“We believe in safe and clean and affordable housing, and we just didn’t discover it this year, did we? Don’t be fooled! Because of some people that, you know, just found out about affordable housing, who just started caring about Ward 8. Well, we won’t be fooled in an election year, will we?” That would be a reference to Catania’s recent pressure on Bowser over her involvement in the ongoing controversy over the Park Southern apartments in Ward 8, as well as Catania’s accusations that Bowser has been asleep at the wheel when it comes to affordable housing.

Besides those jabs, there was plenty of tilting at straw men: “We know that we’re the Democrats that are going to preserve our gun laws,” Bowser said, five days after a judge struck down the city’s ban on carrying weapons publicly. “We don’t side with no congressional Republicans.” None of her opponents have suggested they do.

“We’re Democrats, so we believe in health care for everybody,” Bowser continued. “We believe in marriage equality. We don’t support anything that gets in the way of people’s rights to have a level playing field for women, for African Americans, for Latinos and for D.C. residents of every background and belief.” Again, there is no indication her opponents would dispute any of that, and Catania regularly touts his leading role as a lawmaker in expanding health-care access in the city and legalizing same-sex marriage.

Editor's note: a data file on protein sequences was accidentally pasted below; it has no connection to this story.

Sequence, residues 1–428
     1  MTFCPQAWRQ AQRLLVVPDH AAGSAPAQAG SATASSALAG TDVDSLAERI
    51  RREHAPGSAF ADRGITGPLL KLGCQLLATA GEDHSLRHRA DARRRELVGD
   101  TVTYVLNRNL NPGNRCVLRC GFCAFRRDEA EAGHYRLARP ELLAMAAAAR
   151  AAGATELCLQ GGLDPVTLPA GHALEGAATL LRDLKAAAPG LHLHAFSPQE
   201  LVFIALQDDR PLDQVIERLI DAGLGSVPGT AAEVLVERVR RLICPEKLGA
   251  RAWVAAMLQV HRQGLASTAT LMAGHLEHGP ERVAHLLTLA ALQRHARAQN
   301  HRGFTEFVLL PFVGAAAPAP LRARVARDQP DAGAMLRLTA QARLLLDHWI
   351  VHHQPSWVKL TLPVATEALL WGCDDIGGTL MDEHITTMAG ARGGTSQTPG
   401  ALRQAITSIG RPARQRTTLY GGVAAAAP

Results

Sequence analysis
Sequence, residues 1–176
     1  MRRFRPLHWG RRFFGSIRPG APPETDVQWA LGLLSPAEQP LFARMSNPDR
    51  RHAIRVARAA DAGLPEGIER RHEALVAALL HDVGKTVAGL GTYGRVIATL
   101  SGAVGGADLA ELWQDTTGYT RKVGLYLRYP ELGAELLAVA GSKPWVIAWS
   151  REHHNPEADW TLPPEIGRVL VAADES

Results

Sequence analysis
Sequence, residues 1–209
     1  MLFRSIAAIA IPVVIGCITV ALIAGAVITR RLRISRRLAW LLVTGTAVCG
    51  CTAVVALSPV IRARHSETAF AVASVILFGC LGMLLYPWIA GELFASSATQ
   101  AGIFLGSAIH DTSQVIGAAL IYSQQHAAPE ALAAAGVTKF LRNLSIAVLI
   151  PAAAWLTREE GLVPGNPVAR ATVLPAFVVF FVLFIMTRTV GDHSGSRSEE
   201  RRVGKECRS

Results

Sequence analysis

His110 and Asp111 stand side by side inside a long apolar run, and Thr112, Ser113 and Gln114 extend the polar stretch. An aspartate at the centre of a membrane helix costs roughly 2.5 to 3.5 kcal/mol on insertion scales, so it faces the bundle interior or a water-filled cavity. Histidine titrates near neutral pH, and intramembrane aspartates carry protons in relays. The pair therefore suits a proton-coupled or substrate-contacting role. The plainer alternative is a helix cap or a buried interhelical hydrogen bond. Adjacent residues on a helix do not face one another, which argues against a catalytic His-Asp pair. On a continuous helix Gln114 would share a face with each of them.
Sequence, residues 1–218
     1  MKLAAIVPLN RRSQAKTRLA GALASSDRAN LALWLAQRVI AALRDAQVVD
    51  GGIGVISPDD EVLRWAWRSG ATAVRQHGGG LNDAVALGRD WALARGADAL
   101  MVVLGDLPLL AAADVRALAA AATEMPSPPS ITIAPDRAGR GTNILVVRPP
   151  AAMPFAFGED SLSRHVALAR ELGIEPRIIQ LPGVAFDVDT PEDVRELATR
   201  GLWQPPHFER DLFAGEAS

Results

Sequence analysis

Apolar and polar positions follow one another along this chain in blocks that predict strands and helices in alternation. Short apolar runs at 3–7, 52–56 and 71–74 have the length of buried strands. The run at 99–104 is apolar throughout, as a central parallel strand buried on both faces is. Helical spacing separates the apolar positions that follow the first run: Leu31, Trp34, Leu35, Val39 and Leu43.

“We’re Democrats, so we believe in an open and honest government,” she said, “so we don’t stand for corruption in city hall now, do we?” While this particular Democrat might hold a hard line on corruption, others have not.

There was also a glancing reference to another potential line of attack against Catania: that he’s too fiery and intemperate to be mayor.

Said Bowser, “You know you need a mayor that can walk in a room and command respect and moral authority, and respects you, too. You need a mayor who can work with the business community, and take the ideas of the community and not shout ’em down or cuss ’em out. You need a mayor that can go in every ward and not just talk about … what I’m doing during election season, but what I believe and what my values are.”

All of this was juicy red meat for a partisan crowd, but what remains to be seen is how much the electorate cares about the party of her opponents or their temperament. Bowser can take comfort in the fact that three-fourths of registered voters are Democrats, but Catania’s campaign does not betray much concern about the disadvantage.

Ben Young, Catania’s campaign manager, said voters “can see through her empty attacks” and noted that Bowser has voted for every one of Catania’s key legislative initiatives during her seven years on the council.

“If she would like to debate David Catania on her record on issues like education, health care and affordable housing, he’ll have that debate any day of the week,” he said. “But her handlers won’t let her do that. Because they know that one candidate in this race has actually advanced Democratic values time and time again, and it’s not Muriel Bowser.”